The Other Russell Crowe Exorcist Movie

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Crowe plays Anthony Miller, an actor who has gone through hell thanks to his addiction to drugs and alcohol. His wife is dead, and his past transgressions have estranged him from his teenage daughter Lee (Ryan Simpkins). And we instantly know they’re estranged because she calls him “Tony.” (“My name’s not Tony,” he mumbles. “It’s Dad.”) After a great opening scene in which an actor dies on a set that looks like a gigantic dollhouse, Anthony is offered the dead actor’s role in “The Georgetown Project,” which is clearly a remake of “The Exorcist” (the movie stops just short of fully admitting this but comes as close as it possibly can without having to pay for the rights). Anthony will play one of the priests sent to save the soul of a possessed girl, played by Chloe Bailey in the movie within the movie. 

So far, so good. Anthony gets to the set, dons his priestly attire, and proceeds to bomb. His performance is clumsy, and he quickly draws the ire of the film’s director, played by Adam Goldberg. The director then tries to push Anthony by forcing the actor to remember his past traumas. “You were an altar boy, right?” he asks, and then not-so-subtly hints at sexual molestation at the hands of priests. Later, he forces Anthony to remember abandoning his dying wife. “You are unredeemable,” he hisses. These are the most interesting moments of the film, as they’re character-based scenes about an actor being forced to atone for his sins via his new role as a priest. A better movie would flesh this out more, but “The Exorcism” starts going down a generic horror movie path.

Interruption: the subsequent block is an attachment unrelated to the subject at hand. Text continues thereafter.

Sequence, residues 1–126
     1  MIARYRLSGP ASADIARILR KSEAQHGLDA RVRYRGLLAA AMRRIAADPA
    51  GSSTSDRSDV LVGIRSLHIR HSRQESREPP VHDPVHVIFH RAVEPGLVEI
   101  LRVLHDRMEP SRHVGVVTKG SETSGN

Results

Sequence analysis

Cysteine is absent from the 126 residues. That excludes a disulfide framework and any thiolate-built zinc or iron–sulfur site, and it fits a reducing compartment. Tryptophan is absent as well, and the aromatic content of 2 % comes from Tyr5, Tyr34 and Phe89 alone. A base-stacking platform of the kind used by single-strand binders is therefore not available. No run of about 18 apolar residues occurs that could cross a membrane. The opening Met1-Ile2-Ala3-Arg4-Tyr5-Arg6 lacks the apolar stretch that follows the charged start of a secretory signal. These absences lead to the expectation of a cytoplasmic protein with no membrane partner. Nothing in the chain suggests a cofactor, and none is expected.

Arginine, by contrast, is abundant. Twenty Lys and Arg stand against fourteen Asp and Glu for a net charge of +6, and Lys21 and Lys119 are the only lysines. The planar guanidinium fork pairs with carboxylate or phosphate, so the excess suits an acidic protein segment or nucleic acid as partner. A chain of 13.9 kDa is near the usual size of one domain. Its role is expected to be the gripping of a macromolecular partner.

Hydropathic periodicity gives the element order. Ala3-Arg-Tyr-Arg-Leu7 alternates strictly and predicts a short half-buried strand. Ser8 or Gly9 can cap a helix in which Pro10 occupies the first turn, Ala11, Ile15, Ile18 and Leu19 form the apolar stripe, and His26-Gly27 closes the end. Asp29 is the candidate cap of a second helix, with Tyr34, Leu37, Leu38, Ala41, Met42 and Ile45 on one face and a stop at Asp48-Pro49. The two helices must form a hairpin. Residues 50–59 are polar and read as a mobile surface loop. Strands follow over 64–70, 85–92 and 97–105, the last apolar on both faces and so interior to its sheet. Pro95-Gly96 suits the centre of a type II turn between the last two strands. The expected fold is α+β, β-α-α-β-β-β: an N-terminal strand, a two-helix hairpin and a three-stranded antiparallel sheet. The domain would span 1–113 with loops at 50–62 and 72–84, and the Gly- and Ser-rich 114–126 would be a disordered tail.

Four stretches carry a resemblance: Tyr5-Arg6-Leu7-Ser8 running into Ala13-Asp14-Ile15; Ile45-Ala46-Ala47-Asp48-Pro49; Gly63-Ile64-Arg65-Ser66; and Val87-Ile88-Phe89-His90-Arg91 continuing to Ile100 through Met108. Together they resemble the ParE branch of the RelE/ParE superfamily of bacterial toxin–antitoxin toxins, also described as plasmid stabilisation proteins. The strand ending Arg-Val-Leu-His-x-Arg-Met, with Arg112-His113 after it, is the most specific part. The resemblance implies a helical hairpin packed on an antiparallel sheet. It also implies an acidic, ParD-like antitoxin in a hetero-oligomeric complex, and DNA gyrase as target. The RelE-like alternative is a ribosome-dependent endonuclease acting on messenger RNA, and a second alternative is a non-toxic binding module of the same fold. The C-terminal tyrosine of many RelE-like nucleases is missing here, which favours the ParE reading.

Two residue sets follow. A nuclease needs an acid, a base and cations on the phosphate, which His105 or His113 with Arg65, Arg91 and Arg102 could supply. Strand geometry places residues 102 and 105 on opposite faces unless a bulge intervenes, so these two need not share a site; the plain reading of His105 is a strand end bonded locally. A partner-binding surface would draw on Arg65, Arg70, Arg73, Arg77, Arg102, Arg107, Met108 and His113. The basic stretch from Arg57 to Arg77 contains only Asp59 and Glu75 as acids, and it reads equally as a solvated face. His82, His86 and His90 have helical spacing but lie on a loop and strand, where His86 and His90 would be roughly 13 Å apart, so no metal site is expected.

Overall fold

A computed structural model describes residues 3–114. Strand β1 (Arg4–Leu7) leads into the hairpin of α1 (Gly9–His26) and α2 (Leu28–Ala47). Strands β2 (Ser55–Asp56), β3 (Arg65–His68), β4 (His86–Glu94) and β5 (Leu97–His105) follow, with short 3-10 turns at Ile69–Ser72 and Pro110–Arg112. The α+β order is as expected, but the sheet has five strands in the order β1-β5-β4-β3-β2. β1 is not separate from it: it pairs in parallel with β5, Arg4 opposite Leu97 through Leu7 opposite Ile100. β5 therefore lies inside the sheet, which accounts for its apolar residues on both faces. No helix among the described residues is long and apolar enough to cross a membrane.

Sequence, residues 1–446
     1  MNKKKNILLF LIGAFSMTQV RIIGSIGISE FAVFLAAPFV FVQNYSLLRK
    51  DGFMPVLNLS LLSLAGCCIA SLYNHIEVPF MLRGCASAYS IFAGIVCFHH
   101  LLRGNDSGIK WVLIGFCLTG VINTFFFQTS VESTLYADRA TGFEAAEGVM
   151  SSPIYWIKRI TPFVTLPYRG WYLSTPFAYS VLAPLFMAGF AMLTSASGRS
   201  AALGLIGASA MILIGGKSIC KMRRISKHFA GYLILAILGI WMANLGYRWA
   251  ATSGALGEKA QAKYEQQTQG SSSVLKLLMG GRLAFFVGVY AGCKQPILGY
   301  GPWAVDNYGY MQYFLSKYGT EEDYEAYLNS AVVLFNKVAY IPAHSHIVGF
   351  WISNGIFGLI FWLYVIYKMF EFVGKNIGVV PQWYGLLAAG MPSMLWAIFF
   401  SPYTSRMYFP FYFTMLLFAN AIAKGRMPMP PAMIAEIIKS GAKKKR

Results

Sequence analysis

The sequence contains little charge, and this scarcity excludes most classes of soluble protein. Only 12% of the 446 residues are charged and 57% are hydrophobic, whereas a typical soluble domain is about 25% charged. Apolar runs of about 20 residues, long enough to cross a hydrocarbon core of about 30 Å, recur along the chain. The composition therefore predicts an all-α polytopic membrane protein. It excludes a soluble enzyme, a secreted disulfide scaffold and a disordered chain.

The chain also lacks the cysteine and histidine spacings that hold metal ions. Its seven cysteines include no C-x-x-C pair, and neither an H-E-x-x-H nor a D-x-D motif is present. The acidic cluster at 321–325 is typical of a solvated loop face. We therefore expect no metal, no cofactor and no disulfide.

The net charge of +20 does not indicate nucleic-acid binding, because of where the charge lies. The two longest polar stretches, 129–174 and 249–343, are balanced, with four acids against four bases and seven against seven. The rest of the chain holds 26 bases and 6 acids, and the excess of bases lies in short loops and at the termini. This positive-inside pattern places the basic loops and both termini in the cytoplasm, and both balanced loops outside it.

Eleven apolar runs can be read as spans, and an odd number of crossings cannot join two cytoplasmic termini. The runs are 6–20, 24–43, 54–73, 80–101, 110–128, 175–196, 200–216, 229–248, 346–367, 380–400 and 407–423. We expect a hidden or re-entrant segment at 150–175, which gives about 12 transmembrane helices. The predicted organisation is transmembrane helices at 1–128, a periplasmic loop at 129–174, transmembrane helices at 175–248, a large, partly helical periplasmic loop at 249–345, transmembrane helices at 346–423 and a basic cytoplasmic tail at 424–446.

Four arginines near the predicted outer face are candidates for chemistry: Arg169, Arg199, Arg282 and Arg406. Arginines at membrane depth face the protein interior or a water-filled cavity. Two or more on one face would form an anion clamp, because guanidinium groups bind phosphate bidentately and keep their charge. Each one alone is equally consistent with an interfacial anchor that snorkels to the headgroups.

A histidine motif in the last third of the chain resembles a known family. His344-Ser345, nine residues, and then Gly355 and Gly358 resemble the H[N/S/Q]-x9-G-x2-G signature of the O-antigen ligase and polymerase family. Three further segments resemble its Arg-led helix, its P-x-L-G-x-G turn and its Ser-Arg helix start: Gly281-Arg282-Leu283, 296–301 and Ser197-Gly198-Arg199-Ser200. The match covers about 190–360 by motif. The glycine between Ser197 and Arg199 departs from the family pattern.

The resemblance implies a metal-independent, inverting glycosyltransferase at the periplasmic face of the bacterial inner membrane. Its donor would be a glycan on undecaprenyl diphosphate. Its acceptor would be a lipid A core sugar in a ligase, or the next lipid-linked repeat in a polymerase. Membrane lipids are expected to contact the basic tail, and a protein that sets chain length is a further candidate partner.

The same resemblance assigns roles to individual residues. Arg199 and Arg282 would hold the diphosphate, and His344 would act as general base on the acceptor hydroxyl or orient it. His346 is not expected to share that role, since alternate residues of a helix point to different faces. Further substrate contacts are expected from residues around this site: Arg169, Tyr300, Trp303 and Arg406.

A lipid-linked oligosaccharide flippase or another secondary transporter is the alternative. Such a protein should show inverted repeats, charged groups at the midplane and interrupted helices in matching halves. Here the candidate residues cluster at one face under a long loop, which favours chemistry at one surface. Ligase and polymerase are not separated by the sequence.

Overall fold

Soon, bodies are contorting, foul language is being hurled, and digitally-enhanced demon voices come out of Crowe’s mouth. Is Anthony really possessed, or is he reverting to his old addictions? We see him chugging bottles of hard booze and struggling with sleep, frightening Lee in the process. A better movie would draw this out and keep us guessing, but “The Exorcism” has no time for subtlety. 

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